moss graffiti grows on walls by anna garforth
all images courtesy / © anna garforth
in an unusal take on traditional, spray-paint-approved wall art, anna garforth‘s moss graffiti emerges from brick walls as fuzzy layers of green grass. garforth creates typography and massive geometric designs and patterns with the living material, whose growth and flowering becomes a significant part of the constantly evolving piece. designboom asked anna about her creative influences, creation process, and what led her to the natural medium for her graffiti artworks.
DB: please can you tell us about your background and how you came to do the type of work you do today?
AG: ironically, working with living materials was inspired by a trip to abney park cemetery – a woodland memorial and local nature reserve. I was fascinated by the beautiful script and moss that covers the grave stones, one stone had moss growing inside the carved out letters and it looked amazing. I collected moss from the surrounding gravestones and started to experiment, moss typography was born! from that trip the seed was planted, and the moss gave way to experimenting with many other materials and concepts that I am working on today.
the moss graffiti spells out the word ‘grow’ in a script typeface
DB: what do you find is the most effective method for creating the moss compositions on the wall?
AG: everyone is keen to try and recreate moss typography, but I am afraid I cannot give away my tricks of the trade! what keeps my work unique is the precision of the moss art. This comes from years of working with the material.
‘natur’, growing from the wall
DB: what do you enjoy most about working with natural mediums?
AG: I enjoy the tactility of working with organic mediums and learning how to craft it into something else. no harmful toxins or bad fumes are involved. It takes me to interesting places both through the process and working on commissions around europe. above all it gets a really positive response and people love it!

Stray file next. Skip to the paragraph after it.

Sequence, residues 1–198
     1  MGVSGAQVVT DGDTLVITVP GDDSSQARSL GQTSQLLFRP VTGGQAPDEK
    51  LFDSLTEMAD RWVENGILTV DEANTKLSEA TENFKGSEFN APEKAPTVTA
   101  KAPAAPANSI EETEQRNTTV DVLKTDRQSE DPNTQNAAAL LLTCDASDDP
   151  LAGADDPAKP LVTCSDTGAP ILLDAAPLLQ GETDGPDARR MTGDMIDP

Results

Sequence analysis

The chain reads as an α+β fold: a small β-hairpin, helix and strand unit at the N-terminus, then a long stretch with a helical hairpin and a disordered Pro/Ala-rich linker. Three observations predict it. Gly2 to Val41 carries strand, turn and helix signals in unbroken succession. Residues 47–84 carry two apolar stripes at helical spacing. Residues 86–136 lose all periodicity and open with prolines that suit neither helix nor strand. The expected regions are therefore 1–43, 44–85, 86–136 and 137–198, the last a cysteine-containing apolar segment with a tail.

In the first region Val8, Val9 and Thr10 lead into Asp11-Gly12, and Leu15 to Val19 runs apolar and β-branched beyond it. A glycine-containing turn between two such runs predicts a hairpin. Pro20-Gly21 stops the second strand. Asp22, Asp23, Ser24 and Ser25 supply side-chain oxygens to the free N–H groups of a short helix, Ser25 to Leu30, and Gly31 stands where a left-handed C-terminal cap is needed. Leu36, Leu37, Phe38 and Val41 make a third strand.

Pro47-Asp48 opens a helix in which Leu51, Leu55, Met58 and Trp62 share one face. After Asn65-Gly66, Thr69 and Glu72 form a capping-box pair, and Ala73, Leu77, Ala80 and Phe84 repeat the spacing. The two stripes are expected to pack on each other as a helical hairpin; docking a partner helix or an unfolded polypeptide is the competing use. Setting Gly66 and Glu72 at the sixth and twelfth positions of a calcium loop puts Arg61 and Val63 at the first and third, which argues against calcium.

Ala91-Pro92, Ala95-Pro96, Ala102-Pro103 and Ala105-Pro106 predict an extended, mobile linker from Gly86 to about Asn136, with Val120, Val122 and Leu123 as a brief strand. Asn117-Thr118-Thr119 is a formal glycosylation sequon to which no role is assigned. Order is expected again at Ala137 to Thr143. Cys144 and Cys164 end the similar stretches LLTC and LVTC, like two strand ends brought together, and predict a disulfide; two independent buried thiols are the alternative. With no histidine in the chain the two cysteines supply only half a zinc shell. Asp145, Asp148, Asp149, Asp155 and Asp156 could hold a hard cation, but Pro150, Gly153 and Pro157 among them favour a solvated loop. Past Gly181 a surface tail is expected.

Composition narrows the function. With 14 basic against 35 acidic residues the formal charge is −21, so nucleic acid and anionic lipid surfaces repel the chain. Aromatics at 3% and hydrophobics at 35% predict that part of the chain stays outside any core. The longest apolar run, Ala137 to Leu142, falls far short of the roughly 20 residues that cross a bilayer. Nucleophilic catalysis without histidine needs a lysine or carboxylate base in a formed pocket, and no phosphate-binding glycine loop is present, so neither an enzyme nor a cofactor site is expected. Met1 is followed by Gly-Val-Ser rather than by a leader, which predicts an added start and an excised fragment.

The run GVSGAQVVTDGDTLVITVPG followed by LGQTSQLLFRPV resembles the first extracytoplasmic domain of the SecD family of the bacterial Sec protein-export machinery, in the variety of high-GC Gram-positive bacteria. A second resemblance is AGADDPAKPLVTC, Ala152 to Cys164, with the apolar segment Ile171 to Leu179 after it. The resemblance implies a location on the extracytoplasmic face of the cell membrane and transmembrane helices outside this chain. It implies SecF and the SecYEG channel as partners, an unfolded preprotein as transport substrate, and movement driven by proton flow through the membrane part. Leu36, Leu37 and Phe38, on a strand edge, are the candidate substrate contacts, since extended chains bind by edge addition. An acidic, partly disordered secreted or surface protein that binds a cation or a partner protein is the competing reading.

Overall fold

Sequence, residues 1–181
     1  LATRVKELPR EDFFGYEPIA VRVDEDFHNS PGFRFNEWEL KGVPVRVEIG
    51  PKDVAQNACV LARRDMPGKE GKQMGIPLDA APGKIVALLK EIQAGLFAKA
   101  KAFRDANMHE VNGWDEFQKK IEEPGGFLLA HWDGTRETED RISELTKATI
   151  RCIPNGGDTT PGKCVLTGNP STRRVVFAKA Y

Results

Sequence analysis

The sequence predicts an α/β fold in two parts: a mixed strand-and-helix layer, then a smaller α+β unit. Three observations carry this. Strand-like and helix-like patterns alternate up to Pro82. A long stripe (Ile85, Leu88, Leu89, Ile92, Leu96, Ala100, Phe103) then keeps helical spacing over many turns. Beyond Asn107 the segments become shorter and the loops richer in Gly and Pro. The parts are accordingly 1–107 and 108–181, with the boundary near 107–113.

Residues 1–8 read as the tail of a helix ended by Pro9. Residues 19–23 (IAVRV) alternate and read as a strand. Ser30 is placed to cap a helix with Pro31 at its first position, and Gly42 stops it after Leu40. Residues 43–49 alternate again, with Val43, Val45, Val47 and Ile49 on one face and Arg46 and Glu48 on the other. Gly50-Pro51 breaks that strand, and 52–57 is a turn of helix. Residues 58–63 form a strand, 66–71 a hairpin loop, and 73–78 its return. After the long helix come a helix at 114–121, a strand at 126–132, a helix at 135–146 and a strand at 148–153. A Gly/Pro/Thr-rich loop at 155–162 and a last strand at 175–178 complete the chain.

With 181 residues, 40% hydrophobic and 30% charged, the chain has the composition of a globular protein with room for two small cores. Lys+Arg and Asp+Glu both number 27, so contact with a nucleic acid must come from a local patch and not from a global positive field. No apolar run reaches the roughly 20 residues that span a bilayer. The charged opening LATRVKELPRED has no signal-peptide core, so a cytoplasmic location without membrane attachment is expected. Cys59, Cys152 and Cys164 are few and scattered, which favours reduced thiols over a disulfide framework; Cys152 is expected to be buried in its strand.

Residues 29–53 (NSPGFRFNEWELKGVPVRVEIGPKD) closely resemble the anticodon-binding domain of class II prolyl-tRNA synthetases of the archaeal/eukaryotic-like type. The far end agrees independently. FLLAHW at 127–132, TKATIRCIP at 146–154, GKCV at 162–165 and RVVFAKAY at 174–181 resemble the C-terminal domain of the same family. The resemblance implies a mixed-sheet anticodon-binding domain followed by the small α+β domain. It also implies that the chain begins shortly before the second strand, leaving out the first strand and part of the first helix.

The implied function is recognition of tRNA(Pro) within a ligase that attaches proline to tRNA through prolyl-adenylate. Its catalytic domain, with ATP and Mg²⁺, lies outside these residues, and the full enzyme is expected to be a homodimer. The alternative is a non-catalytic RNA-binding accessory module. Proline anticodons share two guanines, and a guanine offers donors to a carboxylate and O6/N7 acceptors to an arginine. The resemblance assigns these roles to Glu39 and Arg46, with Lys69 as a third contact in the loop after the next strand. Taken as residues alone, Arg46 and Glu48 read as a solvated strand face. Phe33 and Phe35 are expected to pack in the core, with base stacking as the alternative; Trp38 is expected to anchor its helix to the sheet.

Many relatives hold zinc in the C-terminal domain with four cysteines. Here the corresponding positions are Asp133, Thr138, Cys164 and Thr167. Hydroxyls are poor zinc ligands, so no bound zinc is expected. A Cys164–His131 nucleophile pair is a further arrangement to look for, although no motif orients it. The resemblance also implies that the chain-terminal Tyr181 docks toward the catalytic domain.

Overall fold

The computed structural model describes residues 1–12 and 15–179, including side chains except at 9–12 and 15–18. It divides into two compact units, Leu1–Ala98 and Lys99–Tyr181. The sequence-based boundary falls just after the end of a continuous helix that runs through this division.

a detail of the letter ‘r’, before it is placed on the wall
DB: how does typography, and other forms of graphic design, factor into your creative process?
AG: I notice typography everywhere, especially on shop fronts and old painted adverts on the sides of buildings. typography is an art form and often doesn’t need anything else around it. my guilty geek pleasure is scrolling through font lists online, there are so many great type foundries with reams of fonts. the term ‘graphic design’ has become very broad, and encompasses so many different ways of working. seeing how other designers have lifted their ideas off the page, inspired me to explore the more tactile and craft based side to graphic design. the handmade seems to play a significant role in design and creatives seem to be veering more and more towards the hands on approach, but a computer is never far behind, mixing technology with the handmade makes for a great synthesis, often one can enhance the other. a healthy balance of the two works well.
a geometric installation at kings cross
DB: how do you see your work evolving, and what has been the evolution so far?
AG: the moss art so far has evolved into non typographic installations such as kings cross and the big bang. I have put moss typography on the back burner as there are new ideas to be had. from the moss came a love for working with raw materials, and I started to explore with different mediums such as cookie dough, paper, card, bioluminescent bacteria, wood etc. I want to continue to experiment with other materials, and I have a few projects in mind which will be stuff I haven’t ventured into before. my work aims to reflect the textured world we live in where many different species, plants, and manmade elements coexist.
a close-up of the zig-zag pattern on the wall
DB: besides your professional work – what do you have a passion for?
AG: I have an obsession with seedums, this species of plant really cuts the mustard for me. I absolutely love the graphic shapes and clean lines of the foliage.
‘the big bang’, assembled from hundreds of moss tufts collected from stone walls
a detail of the moss used for ‘the big bang’